As nice a sentiment as that is, over time I tired of church, but not tired of the above things. Definitely not the hats; coonskin goes a long way. Don’t misunderstand me here; nowadays I’m pretty much an atheist. It’s not the whole, “If there is a God then how come there is so much suffering yadda yadda yadda you’ve heard it…” Shut it. Bad sh*t happens because people, not some omnipotent deity make it rain on other people. This a simple construct as well as popular one for the ago non- or no-longer believer. It sure is trite. Call that mindset your typical “gateway drug” into questioning faith. It’s the Busch Light version of Martin Luther and his hammer. Still, that precept in all its iterations is a good question as to why some folks leave faith behind. Or pull a 180. Why is the world so topsy-turvy when most of us seek spiritual enlightenment? The whole peace, love and understanding matters of unity. What’s so funny about that?

*wink*

Even me being a lapsed Christian, to this day (and call it judgmental; JC would waggle a finger at me for this one) I’m a pretty good armchair/inflatable pulpit kinda rainmaker when it may why push comes to shove between faith up against the often ugly reality about living on Earth. The other plane can wait for now.

Although I’m not a believer in God, I am quite the fan of his son. Whenever I’ve read the Bible, the Four Gospels always appealed to me. Jesus’ best buds Matthew, Mark, Luke and John waxing poetic about their times hanging with the big man. Taken as a whole, the Gospels play out like a G-rated Tarantino flick. In so saying, John says, “I remember the time Jesus and me did…” Then Matt says, “Waitaminnit, that’s not how I remember it.” Then Luke raises his hand, “Uh, guys…?” And Thomas grouses, “You guys are full of sh*t.”

JC’s times with his apostle wingmen are a big road trip, with essential Christian lessons learned along the way. And with every good road trip you gotta have the guy that takes the wheel. In this light—as one of several—the New Testament is like a Hallmark card given at the right time. The Old Testament may be a series of cautionary traffic cones, but the next chapter is the open road, full of possibilities. I like that with Jesus as the wheelman. A guiding force for good without the messianic complex, so to speak. This I can get behind, with or without proper worship.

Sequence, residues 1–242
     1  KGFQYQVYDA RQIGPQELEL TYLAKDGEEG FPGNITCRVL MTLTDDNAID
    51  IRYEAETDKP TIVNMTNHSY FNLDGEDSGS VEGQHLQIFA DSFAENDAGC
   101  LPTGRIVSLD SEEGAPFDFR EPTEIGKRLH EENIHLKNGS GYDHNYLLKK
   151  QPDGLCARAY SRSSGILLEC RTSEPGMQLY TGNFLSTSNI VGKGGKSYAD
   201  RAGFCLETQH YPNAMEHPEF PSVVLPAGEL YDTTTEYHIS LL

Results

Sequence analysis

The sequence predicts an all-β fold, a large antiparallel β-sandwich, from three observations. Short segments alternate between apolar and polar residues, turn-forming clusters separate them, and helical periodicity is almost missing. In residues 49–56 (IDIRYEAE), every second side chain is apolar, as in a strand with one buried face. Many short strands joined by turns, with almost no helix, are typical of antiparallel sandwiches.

Then there’s that 180. The collective who takes the Bible’s stories beyond way too serious. I think it was Voltaire that said, “One does not read the Bible for its text.” Namely, read between the lines you dweebs. You know the crap I cited above about hats? Yeah. I figured out that there are two types of Christians. On one hand we have the believers that congregate to engage in both worship and social congress, trying to understand one another’s differences and find some common ground. On the other we have folks who’ve gone through the Book of Revelation with a highlighter. Yeah, I think I’d rather hang around the coffee urns post-sermon. We got enough issues already to waste time planning for Armageddon, and again you don’t need church to try and reconcile with all that sh*t. War, disease, fake news, GMOs, being actually concerned about Miley Cyrus’ career path. We all got our spiritual bags full of cracked eggs.

All that’s out there, and was another nail in the cross—again, so to speak—of me quitting the church. The whole “if there is a loving God” schpiel eventually found me as a cop-out. All that bad sh*t above happens in this world is caused by people, not crafted from some prankster on High. I figured if that one attends church to learn the straight and narrow, that’s a waste of time. You learn that path by wandering through the world, taking in the sights, sizing up what you see and hear. If you found the right path then you’d find your way to a house of worship. If you need to understand how to get along with people and two hours every Sunday fits the bill, you are a far more enlightened person than me or anyone that reads this blog.

Yeah, so the whole “making excuses” factor soured me. That and Thomas’ potty mouth. I didn’t believe I had to attend church to understand the basal concept of good versus evil, or how to try and get along with different people, or not burn anyone at a stake. Attending church boiled down to the whole hat thing again. I read the Bible on my own, most of which I dug. Understood JC was a cool guy, a philosopher and an agitator to the rather unbalanced status quo of the Roman Empire. No one needs to attend church to get all that. At the end of the day, I figured out church as that hat thing. Old hat.

One final significance that turned me off to church: the routine. Scolding sin and looking for the highest tree to lasso. When I was a wee one sitting in the pew (quit giggling), trying to soak up so much ballyhoo I could’ve sworn I was getting the stinkeye from the prominent gatekeepers attendant by the altar, not to mention the prelate himself at the lectern delivering tales of hellfire and brimstone to a quivering congregation. Needless to say, I didn’t feel right welcome. Not JC territory for me, even at the age of nine.